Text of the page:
After dropping Trillian off at school, my plan was to find a pretty park somewhere nearby where I could eat a slow and peaceful meal. Calm mealtimes gained importance once our children grew up and left home. I’ve come to depend upon them.

Everything worked as planned. I delivered Trillian to school on time and I even managed to unfasten her carseat with minimal fumbling. None of the foods I packed spilled and I found a clean and unpopulated park where I could eat my breakfast calmly while listening to birdsongs and beneath towering shade trees in the town of Oakland.

Even before I carried my bowl of food and cup of tea to the picnic table I knew something was different. The table I picked was sheltered beneath a pavilion. From a distance, I could see three small round protrusions at one end of the picnic table. I couldn’t tell what they were but they were definitely something the other tables lacked. My curiosity was piqued.

When I arrived at the table, I set my food down and took a closer look. Someone had affixed three bowl-shaped, ceramic pots to the end of the table and filled them with an assortment of small succulents.

I had stumbled upon the work of a guerrilla gardener.

Guerrilla gardeners are people who install plants on land that they do not have the legal right to use. It’s a term used to define covert efforts by individuals wishing to beautify space that they do not own such as abandoned lots or public parks.

The park where I chose to eat my breakfast didn’t fit the stereotype. It was by no means rundown. Lawns were freshly mown, concrete walkways were smooth and the infrastructure was relatively new and in good shape. If anything was amiss, it might have been a lack of individuality. Everything might be considered just a bit too uniform and homogeneous.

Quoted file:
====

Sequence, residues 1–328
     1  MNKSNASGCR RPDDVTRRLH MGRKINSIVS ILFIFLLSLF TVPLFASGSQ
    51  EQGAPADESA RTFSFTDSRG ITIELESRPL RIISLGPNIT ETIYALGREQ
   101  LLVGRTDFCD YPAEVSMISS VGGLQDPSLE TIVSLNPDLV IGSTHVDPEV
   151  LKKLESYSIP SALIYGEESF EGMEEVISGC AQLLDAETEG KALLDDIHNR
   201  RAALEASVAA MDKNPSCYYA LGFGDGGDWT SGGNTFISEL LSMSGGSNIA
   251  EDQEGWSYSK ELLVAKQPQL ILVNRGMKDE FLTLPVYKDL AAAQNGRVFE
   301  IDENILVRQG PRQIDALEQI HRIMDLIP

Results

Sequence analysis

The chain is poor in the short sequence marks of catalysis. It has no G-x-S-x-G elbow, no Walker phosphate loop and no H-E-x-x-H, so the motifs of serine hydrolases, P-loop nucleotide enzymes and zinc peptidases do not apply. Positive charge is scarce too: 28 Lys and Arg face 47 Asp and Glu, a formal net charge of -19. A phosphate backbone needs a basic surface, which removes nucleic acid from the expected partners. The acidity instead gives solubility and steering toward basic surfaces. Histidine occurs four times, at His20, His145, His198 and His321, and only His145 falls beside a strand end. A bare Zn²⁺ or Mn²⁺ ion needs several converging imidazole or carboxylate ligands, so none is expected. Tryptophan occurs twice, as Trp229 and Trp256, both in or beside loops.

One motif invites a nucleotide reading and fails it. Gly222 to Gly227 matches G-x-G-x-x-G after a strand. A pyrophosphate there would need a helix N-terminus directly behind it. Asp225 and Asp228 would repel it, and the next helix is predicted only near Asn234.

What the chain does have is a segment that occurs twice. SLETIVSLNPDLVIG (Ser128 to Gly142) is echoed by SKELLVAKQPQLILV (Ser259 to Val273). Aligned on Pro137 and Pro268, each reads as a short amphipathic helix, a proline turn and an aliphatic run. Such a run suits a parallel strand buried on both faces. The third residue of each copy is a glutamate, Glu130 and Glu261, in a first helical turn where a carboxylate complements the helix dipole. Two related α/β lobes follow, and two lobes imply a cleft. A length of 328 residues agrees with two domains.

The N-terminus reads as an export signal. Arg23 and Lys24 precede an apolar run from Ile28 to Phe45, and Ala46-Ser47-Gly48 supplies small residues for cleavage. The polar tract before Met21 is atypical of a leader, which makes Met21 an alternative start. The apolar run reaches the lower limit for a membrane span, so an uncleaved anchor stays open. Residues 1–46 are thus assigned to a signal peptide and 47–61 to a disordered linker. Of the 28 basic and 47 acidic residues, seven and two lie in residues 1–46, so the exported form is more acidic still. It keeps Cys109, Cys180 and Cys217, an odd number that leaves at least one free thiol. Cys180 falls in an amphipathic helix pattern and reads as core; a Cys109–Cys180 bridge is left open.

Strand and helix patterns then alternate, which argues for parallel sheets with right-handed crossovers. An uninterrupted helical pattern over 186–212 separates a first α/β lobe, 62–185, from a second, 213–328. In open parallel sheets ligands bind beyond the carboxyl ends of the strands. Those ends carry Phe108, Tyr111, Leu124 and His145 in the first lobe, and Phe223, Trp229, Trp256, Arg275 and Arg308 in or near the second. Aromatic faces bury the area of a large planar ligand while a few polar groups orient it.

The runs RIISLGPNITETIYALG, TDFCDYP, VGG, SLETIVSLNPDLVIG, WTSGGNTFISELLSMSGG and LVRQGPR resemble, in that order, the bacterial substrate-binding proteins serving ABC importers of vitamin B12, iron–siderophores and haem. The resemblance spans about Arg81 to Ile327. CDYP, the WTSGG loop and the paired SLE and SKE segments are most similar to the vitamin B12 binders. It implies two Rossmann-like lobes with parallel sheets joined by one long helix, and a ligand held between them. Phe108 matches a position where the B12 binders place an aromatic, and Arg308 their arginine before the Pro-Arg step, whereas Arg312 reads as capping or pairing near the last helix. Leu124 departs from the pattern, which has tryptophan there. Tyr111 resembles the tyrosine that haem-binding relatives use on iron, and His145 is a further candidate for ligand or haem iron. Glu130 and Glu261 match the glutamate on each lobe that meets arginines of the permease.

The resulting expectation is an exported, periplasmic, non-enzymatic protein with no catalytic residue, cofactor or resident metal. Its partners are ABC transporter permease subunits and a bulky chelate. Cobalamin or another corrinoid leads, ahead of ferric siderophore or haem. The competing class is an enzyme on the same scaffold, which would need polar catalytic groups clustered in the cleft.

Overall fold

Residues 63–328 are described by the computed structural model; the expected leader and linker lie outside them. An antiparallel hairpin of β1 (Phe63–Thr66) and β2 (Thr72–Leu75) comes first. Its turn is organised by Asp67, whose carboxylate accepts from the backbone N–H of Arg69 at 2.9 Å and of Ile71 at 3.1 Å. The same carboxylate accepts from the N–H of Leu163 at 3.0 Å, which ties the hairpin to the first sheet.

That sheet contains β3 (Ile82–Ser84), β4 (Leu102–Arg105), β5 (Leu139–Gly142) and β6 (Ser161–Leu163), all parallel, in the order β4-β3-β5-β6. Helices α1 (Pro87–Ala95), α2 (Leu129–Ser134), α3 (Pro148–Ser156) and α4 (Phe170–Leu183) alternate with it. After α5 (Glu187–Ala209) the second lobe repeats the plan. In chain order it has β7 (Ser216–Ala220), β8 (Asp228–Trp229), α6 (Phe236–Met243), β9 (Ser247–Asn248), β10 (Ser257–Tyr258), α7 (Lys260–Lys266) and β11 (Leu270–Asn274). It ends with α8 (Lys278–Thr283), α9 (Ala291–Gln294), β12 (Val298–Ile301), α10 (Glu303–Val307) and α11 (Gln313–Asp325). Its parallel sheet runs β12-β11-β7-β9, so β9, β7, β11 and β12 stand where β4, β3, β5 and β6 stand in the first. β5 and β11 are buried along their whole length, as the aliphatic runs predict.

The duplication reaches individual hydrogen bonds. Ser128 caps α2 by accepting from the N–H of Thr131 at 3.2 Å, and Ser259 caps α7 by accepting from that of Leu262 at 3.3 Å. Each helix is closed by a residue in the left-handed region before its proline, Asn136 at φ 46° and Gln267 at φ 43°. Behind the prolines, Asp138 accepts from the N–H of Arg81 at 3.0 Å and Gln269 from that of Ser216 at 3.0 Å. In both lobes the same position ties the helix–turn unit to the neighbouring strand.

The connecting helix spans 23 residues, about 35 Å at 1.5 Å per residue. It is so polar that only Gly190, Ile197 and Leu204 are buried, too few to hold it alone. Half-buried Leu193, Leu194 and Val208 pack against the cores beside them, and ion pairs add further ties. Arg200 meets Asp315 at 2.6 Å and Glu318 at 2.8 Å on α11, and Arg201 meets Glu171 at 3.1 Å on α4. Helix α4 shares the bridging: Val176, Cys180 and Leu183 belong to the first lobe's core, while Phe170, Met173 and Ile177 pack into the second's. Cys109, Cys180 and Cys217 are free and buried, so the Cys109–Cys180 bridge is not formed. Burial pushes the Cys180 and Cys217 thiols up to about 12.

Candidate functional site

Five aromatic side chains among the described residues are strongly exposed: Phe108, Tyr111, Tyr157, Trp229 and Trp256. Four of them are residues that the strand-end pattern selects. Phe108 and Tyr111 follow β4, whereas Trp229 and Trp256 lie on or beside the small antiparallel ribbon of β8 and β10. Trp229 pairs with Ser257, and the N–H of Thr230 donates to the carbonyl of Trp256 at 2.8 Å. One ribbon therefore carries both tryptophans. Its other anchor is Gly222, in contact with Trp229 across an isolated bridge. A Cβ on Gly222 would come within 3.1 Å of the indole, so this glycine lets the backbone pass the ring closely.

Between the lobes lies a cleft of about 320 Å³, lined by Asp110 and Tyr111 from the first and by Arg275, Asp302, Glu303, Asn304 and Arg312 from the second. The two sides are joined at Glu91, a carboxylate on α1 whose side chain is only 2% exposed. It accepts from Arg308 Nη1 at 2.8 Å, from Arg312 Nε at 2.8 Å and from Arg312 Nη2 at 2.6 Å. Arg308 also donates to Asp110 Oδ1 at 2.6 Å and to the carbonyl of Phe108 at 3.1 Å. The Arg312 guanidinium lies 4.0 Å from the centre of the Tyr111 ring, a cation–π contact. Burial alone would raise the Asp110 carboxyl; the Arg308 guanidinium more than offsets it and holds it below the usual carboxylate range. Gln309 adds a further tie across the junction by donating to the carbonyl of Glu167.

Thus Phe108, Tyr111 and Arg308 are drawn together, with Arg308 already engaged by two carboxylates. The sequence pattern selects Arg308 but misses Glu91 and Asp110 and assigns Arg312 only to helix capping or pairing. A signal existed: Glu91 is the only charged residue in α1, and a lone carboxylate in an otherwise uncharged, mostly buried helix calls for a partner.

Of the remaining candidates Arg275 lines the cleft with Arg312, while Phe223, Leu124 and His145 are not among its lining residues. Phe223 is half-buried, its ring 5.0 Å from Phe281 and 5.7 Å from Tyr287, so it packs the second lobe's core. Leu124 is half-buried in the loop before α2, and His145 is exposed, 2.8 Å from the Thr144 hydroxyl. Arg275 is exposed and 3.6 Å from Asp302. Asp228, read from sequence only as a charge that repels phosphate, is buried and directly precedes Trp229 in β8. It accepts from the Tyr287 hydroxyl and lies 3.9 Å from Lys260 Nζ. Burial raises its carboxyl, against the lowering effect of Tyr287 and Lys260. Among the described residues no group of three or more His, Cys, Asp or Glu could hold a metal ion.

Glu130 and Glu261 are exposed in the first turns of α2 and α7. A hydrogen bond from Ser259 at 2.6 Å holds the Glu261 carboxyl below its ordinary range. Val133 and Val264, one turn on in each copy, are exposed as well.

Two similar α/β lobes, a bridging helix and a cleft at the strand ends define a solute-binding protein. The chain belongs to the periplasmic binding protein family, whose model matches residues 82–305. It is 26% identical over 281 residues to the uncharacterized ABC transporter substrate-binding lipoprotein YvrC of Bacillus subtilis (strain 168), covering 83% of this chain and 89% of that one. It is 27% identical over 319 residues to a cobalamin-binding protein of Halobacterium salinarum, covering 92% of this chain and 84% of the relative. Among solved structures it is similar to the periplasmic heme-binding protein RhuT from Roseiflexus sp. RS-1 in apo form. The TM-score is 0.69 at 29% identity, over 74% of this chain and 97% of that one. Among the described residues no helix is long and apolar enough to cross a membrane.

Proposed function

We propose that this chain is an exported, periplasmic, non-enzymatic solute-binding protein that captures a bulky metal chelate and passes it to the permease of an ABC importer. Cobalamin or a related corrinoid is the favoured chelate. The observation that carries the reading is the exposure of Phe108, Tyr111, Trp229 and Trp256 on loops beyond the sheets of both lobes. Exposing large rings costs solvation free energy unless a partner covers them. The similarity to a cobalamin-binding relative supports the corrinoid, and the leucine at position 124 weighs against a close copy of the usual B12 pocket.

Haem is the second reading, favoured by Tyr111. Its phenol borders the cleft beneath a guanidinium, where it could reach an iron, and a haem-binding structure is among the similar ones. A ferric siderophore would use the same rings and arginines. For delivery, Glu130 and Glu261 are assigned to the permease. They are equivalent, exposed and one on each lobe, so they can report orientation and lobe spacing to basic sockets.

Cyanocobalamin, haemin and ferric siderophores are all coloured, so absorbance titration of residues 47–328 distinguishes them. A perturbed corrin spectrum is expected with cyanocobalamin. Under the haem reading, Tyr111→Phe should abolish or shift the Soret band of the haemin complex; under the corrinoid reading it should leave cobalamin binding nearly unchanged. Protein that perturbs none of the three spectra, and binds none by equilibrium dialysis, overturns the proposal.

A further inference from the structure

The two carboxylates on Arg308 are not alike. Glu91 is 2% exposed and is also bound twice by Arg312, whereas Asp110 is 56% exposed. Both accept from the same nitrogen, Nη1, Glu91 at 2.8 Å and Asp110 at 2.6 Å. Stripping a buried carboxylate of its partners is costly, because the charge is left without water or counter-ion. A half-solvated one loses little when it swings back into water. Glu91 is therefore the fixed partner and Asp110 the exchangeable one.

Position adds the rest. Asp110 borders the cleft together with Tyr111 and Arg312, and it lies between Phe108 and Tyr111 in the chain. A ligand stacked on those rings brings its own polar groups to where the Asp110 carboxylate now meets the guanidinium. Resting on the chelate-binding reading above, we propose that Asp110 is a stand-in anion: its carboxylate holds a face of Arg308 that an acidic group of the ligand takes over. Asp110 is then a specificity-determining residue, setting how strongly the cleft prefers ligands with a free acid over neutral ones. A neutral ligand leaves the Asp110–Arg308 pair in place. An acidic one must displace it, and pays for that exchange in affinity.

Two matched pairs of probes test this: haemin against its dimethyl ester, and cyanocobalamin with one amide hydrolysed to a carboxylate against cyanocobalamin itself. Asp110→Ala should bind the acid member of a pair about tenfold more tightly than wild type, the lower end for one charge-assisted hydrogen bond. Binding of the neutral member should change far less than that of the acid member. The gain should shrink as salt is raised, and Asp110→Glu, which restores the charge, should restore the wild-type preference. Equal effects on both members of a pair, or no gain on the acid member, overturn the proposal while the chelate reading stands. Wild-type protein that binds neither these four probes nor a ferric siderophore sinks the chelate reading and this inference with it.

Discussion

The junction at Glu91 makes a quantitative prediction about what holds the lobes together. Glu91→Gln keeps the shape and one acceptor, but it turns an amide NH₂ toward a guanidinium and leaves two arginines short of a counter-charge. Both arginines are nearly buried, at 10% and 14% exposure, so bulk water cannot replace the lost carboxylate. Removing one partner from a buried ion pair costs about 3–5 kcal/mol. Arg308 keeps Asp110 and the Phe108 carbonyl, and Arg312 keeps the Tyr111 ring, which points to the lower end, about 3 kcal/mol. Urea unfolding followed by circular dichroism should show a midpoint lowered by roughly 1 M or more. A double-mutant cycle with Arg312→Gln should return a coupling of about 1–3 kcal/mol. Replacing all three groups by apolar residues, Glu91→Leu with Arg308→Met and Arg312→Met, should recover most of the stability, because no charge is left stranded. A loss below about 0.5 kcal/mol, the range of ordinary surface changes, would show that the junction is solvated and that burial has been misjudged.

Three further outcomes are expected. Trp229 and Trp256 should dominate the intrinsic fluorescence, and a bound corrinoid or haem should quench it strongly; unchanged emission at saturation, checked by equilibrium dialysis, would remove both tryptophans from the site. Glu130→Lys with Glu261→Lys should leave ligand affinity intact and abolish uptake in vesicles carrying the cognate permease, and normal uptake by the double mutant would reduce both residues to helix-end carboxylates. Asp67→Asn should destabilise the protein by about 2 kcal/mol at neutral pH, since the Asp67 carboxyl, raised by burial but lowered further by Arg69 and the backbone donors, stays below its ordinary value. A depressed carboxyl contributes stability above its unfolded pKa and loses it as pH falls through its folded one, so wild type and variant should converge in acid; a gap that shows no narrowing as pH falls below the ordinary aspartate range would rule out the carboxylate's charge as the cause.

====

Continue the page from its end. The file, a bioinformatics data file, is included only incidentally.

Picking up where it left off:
Maybe that’s what the person who installed the guerrilla garden must have thought. In addition to the three tiny flowerpots attached to the table, the secret gardener installed a fourth succulent-containing planter beneath the metal roof and attached an orchid to the trunk of a large oak next to the table. 

An Oakland town official said the tiny garden was installed and is maintained by a person who lives near the park. 

While Johnny Chapman, aka Johnny Appleseed, may have been the first guerrilla gardener, Liz Christy and her Green Guerrilla group coined the term in 1973 when they transformed a neglected private lot in the Bowery section of New York into a garden. In the U.K., Richard Reynolds launched the website,, in 2004 to blog about his efforts to beautify his neighborhood in London. Word of his work quickly spread, and the site now supports the work of guerrilla gardeners around the world where documented cases of guerrilla gardening span more than 30 countries.

What a nice surprise it was to eat breakfast in such a spot. Not only was I able to enjoy a quiet, peaceful meal in a pretty place but my meal was enhanced by the kindness of an anonymous person’s gesture.

One more surprise awaited me at my picnic spot.  A huge nest was in the top of a large oak next to the pavilion where I ate my breakfast.  I didn't see a bird in the nest but judging by its size, I'd guess it was made by an eagle. Maybe the next time I visit I'll see it!

Tuesday, May 12, 2015

A visit to Biosphere

My daughter Amber and I spent some time this morning at Biosphere Nursery in Winter Garden.  We had fun walking around exploring the grounds where butterflies and bees were busy gathering nectar from the broad assortment of flowering vines, bushes, perennials and trees for sale.

Below are a few pictures I took while we were there. Thanks to Amber for helping me out with some of the plant names.  Her memory for such things is far better than mine.

Tiger swallowtail on yellow cestrum

Gulf fritillary on verbena

Eastern Black Swallowtail on Alba biden (Spanish needle)

And another look at the Eastern Black Swallowtail

Bumblebee on Anise Hyssop (Agastache foeniculum)

Another Eastern Black Swallowtail on verbena

Monday, May 11, 2015

This season makes scents

On my way to town the other day, I stopped by my neighbor's house to pick up some eggs. As I carried them back to the car, my neighbor plucked a gardenia bloom off a large bush by his house and gave it to me.